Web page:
Alumna and Activist Returns from Capitol Hill

Ala’a Basatneh recognized for her powerful use of social media


Photo by Rut Ortiz

Basatneh’s campaign for human rights has taken her across three continents and to Washington D.C.

Rut Ortiz , News Editor

Shortly after receiving her bachelor’s in political science at NEIU’s 2015 winter commencement, Chicago based Syrian activist Ala’a Basatneh was bound for Washington DC — personally invited by Congressman Mike Quigley to President Barack Obama’s State of the Union address.

“I was speechless,” she said, recalling her conversation with the congressman. “My mom started crying.”

Basatneh spoke about how she was excited because there would be media attention on the suffering children in Syria.

The events leading up to this point began when she became the protagonist in the documentary, “#chicagoGirl.” The documentary shows how she used social media to help coordinate protests in Syria against the regime of President Bashar al-Assad. She helps activists get connected with journalists and other activists abroad while translating back and forth, breaking down invisible but potent language barriers. She assists in creating “safe-havens” and helping civilians escape bombardment on Syrian grounds.

“Whenever you hear, ‘Syria,’ you think about ISIS,” she said. “And I get it. It’s sexier for CNN and NBC to cover ISIS rather than cover children and women that are eating cardboard and grass because they are under siege and cannot leave their cities due to the fact that the Syrian regime is using starvation as a tool.”

The documentary made it across 40 countries within the film festival circuit, which soon caught attention from Washington, D.C.

“Congressman Quigley’s staff member got to see the documentary and they contacted us,” Basatneh said. “They hosted a screening in Congress.”

After the screening Basatneh said a panel was held on the positive uses of social media and what Americans are using in order to build bridges between Syria and the United States.

That was her first time at Capitol Hill for her role in “#chicagoGirl.”

Fast forward two and half months, on a day like any other Basatneh was back home in Chicago when she missed two calls from Washington. She said immediately following the missed phone calls was an email from one of Quigley’s staff members urging her to call the congressman on his cell phone.

“I’m thinking in the back of my head, ‘What’s going on in Syria that the congressman has to talk to me that urgently?’” she said. “I freaked out for a bit.”

She recalled her emotions upon walking into the gallery at the U.S. House of Representatives that proved everything she was experiencing was very real.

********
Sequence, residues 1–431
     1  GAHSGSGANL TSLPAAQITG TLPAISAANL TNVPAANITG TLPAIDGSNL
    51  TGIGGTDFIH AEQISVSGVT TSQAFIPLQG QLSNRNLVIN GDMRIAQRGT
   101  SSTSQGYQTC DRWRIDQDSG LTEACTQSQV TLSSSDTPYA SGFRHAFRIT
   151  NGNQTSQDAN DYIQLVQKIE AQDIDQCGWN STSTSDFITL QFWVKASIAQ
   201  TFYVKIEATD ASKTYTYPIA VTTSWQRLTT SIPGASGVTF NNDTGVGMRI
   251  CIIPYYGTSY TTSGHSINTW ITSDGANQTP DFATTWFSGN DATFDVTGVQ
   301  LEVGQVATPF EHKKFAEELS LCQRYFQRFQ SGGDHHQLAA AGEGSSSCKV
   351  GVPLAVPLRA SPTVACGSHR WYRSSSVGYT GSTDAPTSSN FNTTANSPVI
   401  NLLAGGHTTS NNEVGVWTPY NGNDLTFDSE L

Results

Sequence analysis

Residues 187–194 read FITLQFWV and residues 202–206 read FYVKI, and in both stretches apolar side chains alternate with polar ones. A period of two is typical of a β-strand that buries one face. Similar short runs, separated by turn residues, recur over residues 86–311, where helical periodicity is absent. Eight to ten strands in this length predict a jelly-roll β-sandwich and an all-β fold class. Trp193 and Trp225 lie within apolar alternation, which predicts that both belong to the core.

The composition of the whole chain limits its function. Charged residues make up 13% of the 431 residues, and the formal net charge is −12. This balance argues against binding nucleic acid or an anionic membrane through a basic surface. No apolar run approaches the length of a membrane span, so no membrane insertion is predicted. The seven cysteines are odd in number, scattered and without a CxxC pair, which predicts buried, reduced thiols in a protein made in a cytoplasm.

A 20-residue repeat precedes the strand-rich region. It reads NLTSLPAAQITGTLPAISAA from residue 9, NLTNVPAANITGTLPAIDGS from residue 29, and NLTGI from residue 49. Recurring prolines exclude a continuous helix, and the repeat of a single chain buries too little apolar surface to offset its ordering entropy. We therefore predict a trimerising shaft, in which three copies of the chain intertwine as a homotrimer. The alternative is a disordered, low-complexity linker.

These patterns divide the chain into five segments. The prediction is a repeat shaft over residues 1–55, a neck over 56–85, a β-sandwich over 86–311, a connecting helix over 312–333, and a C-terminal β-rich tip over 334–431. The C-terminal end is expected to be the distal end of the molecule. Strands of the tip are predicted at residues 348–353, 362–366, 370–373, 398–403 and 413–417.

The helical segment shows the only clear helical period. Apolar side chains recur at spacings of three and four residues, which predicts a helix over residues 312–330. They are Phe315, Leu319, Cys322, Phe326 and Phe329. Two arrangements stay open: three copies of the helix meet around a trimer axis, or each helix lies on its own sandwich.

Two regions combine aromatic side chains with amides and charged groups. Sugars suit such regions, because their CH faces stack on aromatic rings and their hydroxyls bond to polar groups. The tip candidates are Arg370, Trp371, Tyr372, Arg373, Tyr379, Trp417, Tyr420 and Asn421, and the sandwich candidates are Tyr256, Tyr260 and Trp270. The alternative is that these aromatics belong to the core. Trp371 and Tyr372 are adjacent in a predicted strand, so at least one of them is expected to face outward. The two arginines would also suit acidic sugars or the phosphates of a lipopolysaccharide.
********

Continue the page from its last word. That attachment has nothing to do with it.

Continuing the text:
“I felt honored,” Basatneh said. “I felt someone saw past my headscarf, my religion, my name and where my family comes from but rather saw me as a human, a female doing good for society.”

Not all of society sees it that way. Basatneh received negative backlash for her work, including death threats. But she is using the attention to further her cause.

“To be recognized is motivating and it makes me think to forget all of the negativities,” she said. “What I am doing is for the children over there, for the women.

Basatneh said her motivation also comes from hearing from the citizen journalists overseas.

“They say that they feel that not a lot of people care about them out there,” she said. “I’m taking a very negative comment and I am trying to turn it into action. I’m trying to keep at it to double up my work because of how hopeless and helpless they feel over there.”

She witnessed the devastation in Syria first-hand when she traveled thousands of miles, even crossing a minefield, to deliver insulin to children and elderly in a northern city.

“I contacted doctors in the Midwest and, within four days, I had four luggage bags filled with medication,” she said. “I met with Syrian activists and citizen journalists on the (Turkish) border and…for 35 minutes, I’m walking on a minefield, carrying luggage bags and thinking, ‘OK, now I’m going to lose a limb, now something is going to explode.’”

Basatneh not only crossed a minefield but also survived a bombing raid. “I experienced what it means for an airplane to fly above me and to drop TNT barrel bombs,” she said.

Barrel bombs are metal barrels filled with TNT explosives and metal shrapnel.

“It hits where it hits and when it hits, because it is so pressurized it creates ‘cluster bombs,’ so it’s hitting several targets at once,” she explained. “It’s civilians that are dying.”

When asked what advice she would give to current students and soon-to-be alumni of NEIU, Basatneh said, “My advice would be to utilize all the help that you have around you.

“It’s a second family. NEIU is my family. That’s how the atmosphere is over here.”

Although she did not get to meet President Obama or Michelle, her memories are of her very close proximity within the gallery and experience overall. Basatneh explained how she sat in her assigned seat after entering the gallery, made polite conversation with fellow guests to her right and left and witnessed the first lady walk in and sit 15 seats away from her.

“I’m going to tell my children about this” she said. “I’m going to tell them I was sitting there during Obama’s last State of the Union.”

Basatneh, now an alumna, is not over her time spent at NEIU.

“I still miss class,” she said, settling into a chair within the Ronald Williams Library. “I love NEIU. All of a sudden it was like, ‘Bam, I’m done. Now what’s next?’”